Cognitive ability is one of the most important indicators of academic achievement in mathematics. Research has consistently shown that a positive correlation exists between cognitive abilities and academic achievement. Many Canadian schools rely on individual intelligence and cognitive abilities tests to categorize students as gifted in particular subjects. These are mainly group tests administered in schools by class teachers. The Canadian Cognitive Abilities Test (CCAT) is a group test that measures the verbal, quantitative, and nonverbal cognitive ability of K-12 students. In addition to identifying your child’s strengths and abilities, the test results serve as an initial screening for students who may be gifted or who need specific follow-up enhancements.
Is the CCAT Similar to the CogAT?
Similar to the CogAT test widely administered in the US, the Canadian Cognitive Ability Test (CCAT) measures the cognitive ability of K-12 students in Canada. The two tests are very similar in format. CCAT does not assess students based on what the regular math curriculum has taught them. The test measures the reasoning skills and problem-solving abilities of students.
What Does CCAT Measure?
- CCAT identifies underperforming and gifted students
- It helps teachers make decisions for grouping students based on their academic progress
- It helps educators identify students’ cognitive strengths and weaknesses
- CCAT identifies a student’s specific learning style and determines the most effective teaching methods based on that learning style.
CCAT Test Format
Each CCAT level comprises three batteries: the verbal battery, the nonverbal battery, and the quantitative battery. For each battery, the students attempt a number of multiple-choice questions.
The verbal battery:
The verbal battery assesses a student’s understanding of the structure of language and relationships between words. It measures reasoning flexibility and fluency in a language with verbal tasks. The questions are based on picture analogies, sentence completion, and picture classification.
The quantitative battery:
The quantitative battery assesses the student’s abilities for reasoning and problem solving for mathematical problems. The questions are based on number analogies, number puzzles, and number series.
The nonverbal battery:
This nonverbal battery assesses a student’s ability to reason and solve problems using geometrical diagrams and pictures. The questions are based on figure matrices, figure classification, and paper folding.
CCAT Result Format
The CCAT results are reported in percentile and stanine scores for three CCAT sub-tests and an overall composite score. Your child’s results on the CCAT are compared to a norm group (a large representative population of children across Canada) of students the same age as your child.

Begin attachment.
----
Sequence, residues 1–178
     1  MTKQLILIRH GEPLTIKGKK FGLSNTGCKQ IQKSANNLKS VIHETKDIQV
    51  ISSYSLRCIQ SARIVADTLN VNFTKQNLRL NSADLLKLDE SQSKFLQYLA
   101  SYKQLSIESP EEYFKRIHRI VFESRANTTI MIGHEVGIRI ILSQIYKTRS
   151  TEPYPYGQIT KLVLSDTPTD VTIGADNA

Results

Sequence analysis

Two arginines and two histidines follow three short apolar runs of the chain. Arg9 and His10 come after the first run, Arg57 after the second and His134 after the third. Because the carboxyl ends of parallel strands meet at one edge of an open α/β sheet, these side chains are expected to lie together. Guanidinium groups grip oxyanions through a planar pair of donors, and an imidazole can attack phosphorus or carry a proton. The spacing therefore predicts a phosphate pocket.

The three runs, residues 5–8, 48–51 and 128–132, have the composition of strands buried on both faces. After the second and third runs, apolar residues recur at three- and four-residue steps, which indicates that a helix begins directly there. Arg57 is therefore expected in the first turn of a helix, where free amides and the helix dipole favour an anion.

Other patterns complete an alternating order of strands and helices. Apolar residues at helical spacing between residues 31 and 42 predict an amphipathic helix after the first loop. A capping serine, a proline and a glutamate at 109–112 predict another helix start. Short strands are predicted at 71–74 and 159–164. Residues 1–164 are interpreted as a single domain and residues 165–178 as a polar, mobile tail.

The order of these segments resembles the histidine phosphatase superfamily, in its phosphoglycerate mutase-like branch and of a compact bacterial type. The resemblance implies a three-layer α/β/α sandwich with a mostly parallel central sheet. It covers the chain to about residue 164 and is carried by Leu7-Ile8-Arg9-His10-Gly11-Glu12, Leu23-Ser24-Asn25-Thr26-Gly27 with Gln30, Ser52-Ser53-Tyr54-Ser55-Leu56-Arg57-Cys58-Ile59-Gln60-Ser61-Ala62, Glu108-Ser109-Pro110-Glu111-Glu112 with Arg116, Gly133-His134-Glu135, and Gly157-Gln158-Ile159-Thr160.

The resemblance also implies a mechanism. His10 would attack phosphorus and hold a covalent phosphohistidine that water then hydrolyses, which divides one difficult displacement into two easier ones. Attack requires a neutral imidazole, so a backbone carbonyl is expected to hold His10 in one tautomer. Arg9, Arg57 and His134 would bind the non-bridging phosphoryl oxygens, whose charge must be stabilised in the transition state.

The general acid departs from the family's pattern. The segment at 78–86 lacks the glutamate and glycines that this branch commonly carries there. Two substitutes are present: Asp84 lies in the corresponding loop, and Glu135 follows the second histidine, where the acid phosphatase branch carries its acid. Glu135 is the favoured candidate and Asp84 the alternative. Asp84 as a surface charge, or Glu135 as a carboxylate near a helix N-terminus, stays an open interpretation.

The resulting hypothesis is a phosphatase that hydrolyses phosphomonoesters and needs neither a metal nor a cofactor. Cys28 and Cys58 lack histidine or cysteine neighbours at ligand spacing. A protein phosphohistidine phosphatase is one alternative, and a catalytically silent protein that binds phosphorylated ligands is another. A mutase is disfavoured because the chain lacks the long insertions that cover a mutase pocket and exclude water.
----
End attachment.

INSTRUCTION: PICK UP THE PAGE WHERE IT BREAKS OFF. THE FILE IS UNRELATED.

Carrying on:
A typical format for the CCAT scorecard:
Verbal
Sub-test |
Quantitative
Sub-test |
Nonverbal
Sub-test |
Composite Score | |
Stanine | ||||
Percentile |
Composite Score:
The composite score of all three batteries assesses the breadth and strength of a student’s abilities for learning. Students with higher scores may grasp the curriculum quickly. Students with lower scores may experience difficulty with areas of the curriculum.
Percentile Scores:
The percentile score tells the teacher or parent/guardian what percentage of students in the norm group performed below that score. For example, if a student received a percentile score of 60%, it means that this student performed better than 60% of the norm group, and that 40% of the norm group performed better than this student. Percentile scores run from 1 to 99. The lower the percentile, the lower that student performed on the CCAT compared to the norm group.
Stanine Scores:
The stanine score organizes percentile scores into nine equal parts ranging from 1 to 9.
How to Prepare for the CCAT?
As with any other assessment, preparation for CCAT requires discipline and determination. Your child does not need to be a prodigy to achieve a high score in CCAT. All your child needs is a willing mindset to learn and the right kind of help.
Many students find it hard to get through the quantitative part of the test and look for a math tutor. CCAT is different from the regular assessments in schools. Therefore, students preparing for CCAT can immensely benefit from a foundational math program. With the right kind of mentorship offered by the Math Project, your child can build the confidence to score high in CCAT.
Do you want to give your child the best opportunity to learn mathematics? Contact us and book a FREE assessment today!
Citations
Effects of general and broad cognitive abilities on mathematics achievement. — www.psycnet.apa.org/home
The mediating role of cognitive ability on the relationship between motor proficiency and early academic achievement in children. — www.sciencedirect.com
School-based assessment research in Canada — https://mje.mcgill.ca/
The Cognitive Abilities Test (CogAT) — www.riversideinsights.com/cognitive_abilities_test